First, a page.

He expected her to drive around the block, but instead, being a dipshit, she did a three-point turn in the middle of fucking Main Street and headed back where he’d just come from, right past Hattie’s, the very place he was trying to escape. A small crowd had gathered outside to watch the EMTs load his mother-in-law on board. A uniformed piece of shit was trying to explain to Janey why she couldn’t ride in the back with her mother, but being a total cunt she just shoved him aside and climbed in anyway. Then he spotted Sully, half a head taller than the other assholes, and the sight of him gave Roy something like an idea, though it was gone again almost before it arrived. Never mind. Roy knew that once something occurred to him it wouldn’t take long to reoccur, and right now he had more pressing concerns, like the cop car speeding toward them. He slumped down in his seat as it screeched to a rocking halt at the curb.

  Cora, if you could believe it, had actually slowed down and put on her left-turn signal. “The Rexall’s right here,” she explained. Like he’d fucking forgot where the Rexall was, or like he hadn’t just fucking told her to go to the CVS.

  “No, goddamn it—”

  “Stop yellin’ at me, Roy,” she said, though she turned her blinker off and pulled back into the right lane. “I’m just sayin’ all them stores carry the same shit and this one’s right here.”

  “Did you happen to see that fuckin’ ambulance back there, Cora? That cop car?” he said, peering to look out the back window. “Me slidin’ down in my seat here? What’s all that fuckin’ shit tell you?”

  Just that quickly the crying kicked in. “Did you do something bad, Roy? They gonna make you go back to prison?”

  “Not if you shut the fuck up and drive, they won’t.”

  “I gonna get in trouble for helpin’ you?”

  “Fuck no, Cora.”

  “ ’Cause they took my little boy on account of they said I’m unfit and I’m trying to get him back, so—”

  “Just fuckin’ listen to me, girl. You ain’t gonna get in no trouble. The cops question you, just say all you did was give me a fuckin’ ride. Tell ’em you’re just a dumb cunt and didn’t know no better. Don’t worry, they’ll believe you.”

  Cora began to cry silently, and neither spoke again until she pulled in to the CVS lot, where Roy once again scrunched down in his seat.

  When she killed the engine and wiped her tears on her sleeve, he said, “Lemme see that hat a minute.”

  “What for?” she said, handing over her Mets cap.

  “Never mind what for. Maybe I’m a big fuckin’ baseball fan, okay?” Trying it on, he flinched when the sweatband came in contact with his demolished ear.

  “You’re gettin’ blood all over it,” she said, wincing.

  He adjusted the plastic strap. “Jesus, Cora. What do you need with such a big head, anyway? There ain’t a fuckin’ thing in it.”

  She giggled, thinking this was a joke. “Just ’cause you got a little peanut head,” she said. “Just ’cause it’s full of shit.”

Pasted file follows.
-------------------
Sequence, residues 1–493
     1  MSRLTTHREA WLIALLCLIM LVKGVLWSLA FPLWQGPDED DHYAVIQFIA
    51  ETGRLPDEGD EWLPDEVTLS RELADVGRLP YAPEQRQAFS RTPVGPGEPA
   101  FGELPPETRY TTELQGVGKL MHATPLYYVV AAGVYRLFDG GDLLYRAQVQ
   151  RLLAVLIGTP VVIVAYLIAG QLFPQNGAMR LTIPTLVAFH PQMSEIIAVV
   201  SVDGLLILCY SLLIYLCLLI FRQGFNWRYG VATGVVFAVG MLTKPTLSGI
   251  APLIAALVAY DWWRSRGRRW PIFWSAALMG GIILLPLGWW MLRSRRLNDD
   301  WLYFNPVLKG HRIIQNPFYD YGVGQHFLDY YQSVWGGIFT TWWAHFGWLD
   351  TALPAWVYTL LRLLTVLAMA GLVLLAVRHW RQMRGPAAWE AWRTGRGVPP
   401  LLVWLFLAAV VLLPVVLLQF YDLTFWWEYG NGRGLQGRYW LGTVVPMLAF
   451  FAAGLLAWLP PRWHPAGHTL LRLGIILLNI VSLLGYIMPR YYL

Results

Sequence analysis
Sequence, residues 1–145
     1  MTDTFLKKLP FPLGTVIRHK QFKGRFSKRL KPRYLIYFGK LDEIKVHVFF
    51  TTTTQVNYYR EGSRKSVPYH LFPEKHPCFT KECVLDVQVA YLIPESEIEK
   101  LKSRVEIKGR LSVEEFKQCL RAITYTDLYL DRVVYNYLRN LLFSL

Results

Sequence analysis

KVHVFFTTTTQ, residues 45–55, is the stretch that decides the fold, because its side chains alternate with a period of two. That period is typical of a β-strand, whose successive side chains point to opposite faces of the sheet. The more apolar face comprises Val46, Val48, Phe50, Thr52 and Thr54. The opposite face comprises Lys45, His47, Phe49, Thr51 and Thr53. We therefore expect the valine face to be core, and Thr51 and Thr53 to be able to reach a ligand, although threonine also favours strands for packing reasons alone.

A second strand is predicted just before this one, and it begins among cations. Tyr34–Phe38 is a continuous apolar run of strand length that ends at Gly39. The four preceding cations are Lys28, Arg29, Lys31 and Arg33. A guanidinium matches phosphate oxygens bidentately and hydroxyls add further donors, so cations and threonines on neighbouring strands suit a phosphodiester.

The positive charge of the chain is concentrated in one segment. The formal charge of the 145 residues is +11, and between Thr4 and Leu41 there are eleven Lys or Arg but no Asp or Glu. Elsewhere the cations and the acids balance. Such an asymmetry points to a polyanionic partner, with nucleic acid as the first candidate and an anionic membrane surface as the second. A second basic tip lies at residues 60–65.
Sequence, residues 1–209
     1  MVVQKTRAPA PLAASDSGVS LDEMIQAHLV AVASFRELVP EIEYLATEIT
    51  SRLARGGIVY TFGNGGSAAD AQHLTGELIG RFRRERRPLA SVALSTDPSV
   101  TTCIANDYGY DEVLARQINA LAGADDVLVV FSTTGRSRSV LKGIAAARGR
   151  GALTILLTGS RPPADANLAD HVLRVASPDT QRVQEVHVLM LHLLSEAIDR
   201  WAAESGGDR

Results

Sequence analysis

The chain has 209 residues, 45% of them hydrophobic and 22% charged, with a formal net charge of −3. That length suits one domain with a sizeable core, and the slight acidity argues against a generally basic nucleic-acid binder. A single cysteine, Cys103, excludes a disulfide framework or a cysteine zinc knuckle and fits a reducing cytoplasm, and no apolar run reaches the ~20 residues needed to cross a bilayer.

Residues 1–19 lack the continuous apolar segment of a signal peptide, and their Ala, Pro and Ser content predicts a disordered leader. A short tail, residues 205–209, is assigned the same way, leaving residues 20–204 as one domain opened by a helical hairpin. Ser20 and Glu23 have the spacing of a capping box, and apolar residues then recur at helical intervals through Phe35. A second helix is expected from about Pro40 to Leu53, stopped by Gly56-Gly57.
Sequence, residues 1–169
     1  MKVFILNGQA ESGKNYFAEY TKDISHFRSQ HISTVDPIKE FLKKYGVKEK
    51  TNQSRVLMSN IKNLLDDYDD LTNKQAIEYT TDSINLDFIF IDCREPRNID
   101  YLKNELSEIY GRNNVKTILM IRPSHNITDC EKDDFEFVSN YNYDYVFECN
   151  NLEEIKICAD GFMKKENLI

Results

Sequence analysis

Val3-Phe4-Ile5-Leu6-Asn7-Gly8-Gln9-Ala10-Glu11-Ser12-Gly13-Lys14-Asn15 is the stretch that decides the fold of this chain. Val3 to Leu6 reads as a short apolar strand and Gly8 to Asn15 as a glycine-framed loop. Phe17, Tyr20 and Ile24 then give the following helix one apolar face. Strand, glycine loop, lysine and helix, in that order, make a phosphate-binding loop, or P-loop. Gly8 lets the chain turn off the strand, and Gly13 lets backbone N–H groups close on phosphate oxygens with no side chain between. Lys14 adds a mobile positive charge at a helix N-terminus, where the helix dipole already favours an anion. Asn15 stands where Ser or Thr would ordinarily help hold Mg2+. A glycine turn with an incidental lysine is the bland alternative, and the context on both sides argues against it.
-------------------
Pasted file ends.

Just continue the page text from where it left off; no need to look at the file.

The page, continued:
This, Roy thought as his hand shot out, its heel connecting flush with the side of Cora’s head, is the wrong fucking day to be talking trash. Her temple bounced back off the driver’s-side window.

  “Ow, Roy,” she said, tearing up again. “That hurt. All I was doing was havin’ a little fun. Can’t you take a joke?”

  He considered answering by hitting her again, then remembered he needed her help. “Look at me, Cora, and tell me I’m in the fuckin’ mood to joke with you.”

  “You got me all mixed up, Roy. I don’t know what you want me to do.”

  “Well, shut the fuck up a minute, and I’ll tell you again. Can you do that?” When, acting on his instruction, she didn’t respond, he said, “Well, can you?”

  “Yes, Roy, I can. It’s what I’m doin’, okay?”

  “All right, then. First thing you need to get is one of them butterfly clamps for my ear. You know the ones I’m talkin’ about? They’ll be over with the medical supplies. Band-Aids and shit. You understand?”

  She said nothing. Just looked at him.

  “Do you fuckin’ understand? Say you do before I fuckin’ hit you again.”

  “You told me to shut up, Roy. That’s what I’m doin’.”

  “You want me to hit you again?”

  “I want you to be nice. If you can’t be nice, you can just walk back into town.”

  Or, Roy thought, I could wring your fuckin’ neck, see if your fat ass would fit in the trunk and
drive down to Albany and park this shit-bucket in the bus terminal and let people find you when you begin to stink. Which she already did, with some kind of cheap perfume or other. The thought of the Greyhound reminded him that just yesterday his bitch-in-law had offered him three grand to disappear, an offer that hadn’t impressed him at the time, which just went to show he hadn’t really been thinking straight. Because what was to stop him from taking her money and going somewheres—Atlantic City, maybe—and coming back when he was broke. Fortunately, he was beginning to think straight now, at least enough to realize he needed Cora for a while longer.

  “And an orange juice, okay?” he continued, wiggling the plastic tube that contained his pain meds. “Something to wash down these little beauties.”

  “Can I have one or two?”

  Not a fuckin’ chance. “Of course,” he told her. “I always share, don’t I?”

  When she reached for the door handle, though, he grabbed her wrist. Because suddenly he didn’t like the look on her face. “Don’t do what you’re thinkin’,” he told her.

  “What do you mean?”

  “You’re thinkin’ about goin’ in there and tellin’ somebody to call the cops.” Because in her place, that’s what he’d be thinking.

  “It ain’t what I’m thinkin’, Roy.”

  “Like hell. Don’t lie to me. I can tell you are just by looking at you.”

  She began to cry again. “It was just a passing thought, I swear.”

  He was taking a chance, letting her out of the car, but it wasn’t like he had a lot of options. “You got one minute,” he said. “Don’t make me come in there after you.”

  “I need some money.”

  “Use your own. I’ll pay you back later.”

  “You never paid me back from Tuesday.”

  “What are you talking about?”

  “At Gert’s.”

  “You said that was your treat.”

  “No, I said—”

  “Will you just get the fuckin’ shit, like I told you? I’ll pay you back for that and Gert’s, too.”